introduction to christianity
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Introduction to Christianity. Founding. 33 AD Palestine Jesus of Nazareth Jewish carpenter The Bible Old Testament New Testament. Followers. Christianity is the largest world religion Why? Total: 2 billion people U.S.: 159 million (2001) 42% of Americans attend church. Vocabulary.

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Presentation Transcript
founding
Founding
  • 33 AD
  • Palestine
  • Jesus of Nazareth
    • Jewish carpenter
  • The Bible
    • Old Testament
    • New Testament
followers
Followers
  • Christianity is the largest world religion
    • Why?
  • Total: 2 billion people
  • U.S.: 159 million (2001)
    • 42% of Americans attend church
vocabulary
Vocabulary
  • Places of worship: church, chapel, cathedral, basilica
  • Spiritual leaders: pastor, minister, reverend, priest, bishop
  • “Twelve Apostles”: twelve original followers of Jesus
  • “Gospel of Matthew (Mark, Luke, and John)”: first four “books” of the New Testament
major beliefs
Major Beliefs
  • One God
    • The Holy Trinity
      • Father
      • Son
      • Holy Spirit
  • Humans were created good but now born sinful
  • Afterlife: resurrection of body and soul, purgatory (Catholic & Orthodox), and eternal heaven or hell
roman catholic
Roman Catholic
  • Only accepted church until the late Middle Ages – considers itself the “true” church
  • Largest denomination in world (not in U.S.)
  • Most formal, ritualized
  • Distinct beliefs:
    • Pope
    • Saints
    • Transubstantiation – body and blood of Christ
eastern orthodox
Eastern Orthodox
  • Began as the eastern half of Christendom, the former Byzantine Empire (“Great Schism”)
  • 225 million followers (mostly in Greece, Turkey, and Russia)
  • Distinct beliefs:
    • More abstract and mystical – personal experience
    • Icons
    • Seven Ecumenical Councils – leaders
protestant
Protestant
  • 53% of Americans
  • Branch of Christianity with multiple denominations and a wide theological spectrum
    • Denominations differ in the degree by which they reject Catholic beliefs (Anglicans and Lutherans are very close; Presbyterian and Baptist retain little of Catholic ceremonies)
  • 16th century Protestant Reformation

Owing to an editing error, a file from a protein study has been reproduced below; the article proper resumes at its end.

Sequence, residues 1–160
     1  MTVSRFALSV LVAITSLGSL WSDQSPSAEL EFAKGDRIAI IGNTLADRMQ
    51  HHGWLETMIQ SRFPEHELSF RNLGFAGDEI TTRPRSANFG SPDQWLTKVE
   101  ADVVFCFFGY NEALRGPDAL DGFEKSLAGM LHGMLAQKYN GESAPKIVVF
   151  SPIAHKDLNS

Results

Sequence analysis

major holidays
Major Holidays
  • Lent (40-day period prior to Easter)
  • Good Friday (last Friday before Easter)
  • Easter (Sunday – date varies) – April 8, 2012
  • Christmas (December 25)
leading up to easter
Leading up to Easter
  • Fat Tuesday
    • Mardi Gras or Carnival
  • Lent
    • 40 days of fasting or sacrificing a sinful habit
  • Good Friday
easter
Easter
  • Spring festival that celebrates the central event of the Christian faith: the resurrection of Jesus Christ three days after his death by crucifixion
  • The entire liturgical calendar is centered around Easter
religious observances
Religious Observances
  • Special church service (often at sunrise)
  • “Christ is risen”
other observances
Other Observances
  • Easter Bunny
    • Rabbits and eggs were widely used pagan symbols
  • Easter Egg Hunts
    • - Eggs viewed by Christians as symbols of joy and celebration (they were forbidden during the fast of Lent)
christmas
Christmas
  • Celebration of the birth of Jesus Christ
  • Began to be observed in the late 3rd century AD as an alternative to pagan winter holidays
  • Jesus’s Birthday?
religious observances1
Religious Observances
  • Special worship services (often at night on Christmas Eve)
  • Nativity Scene
christmas trees
Christmas Trees
  • Christmas Trees
    • Modern tradition
    • “Christianization” of a pagan tradition involving evergreen boughs
santa claus
Santa Claus
  • Santa Claus
    • A.K.A. Father Christmas, Saint Nicholas, Kris Kringle, Old Saint Nick, etc.
    • Popular image created in late 1800s
why are we learning this
Why are we learning this?
  • Religion is one of the most important aspects of culture
  • Some of the greatest works of art, music and literature have been based on Christianity and the Bible
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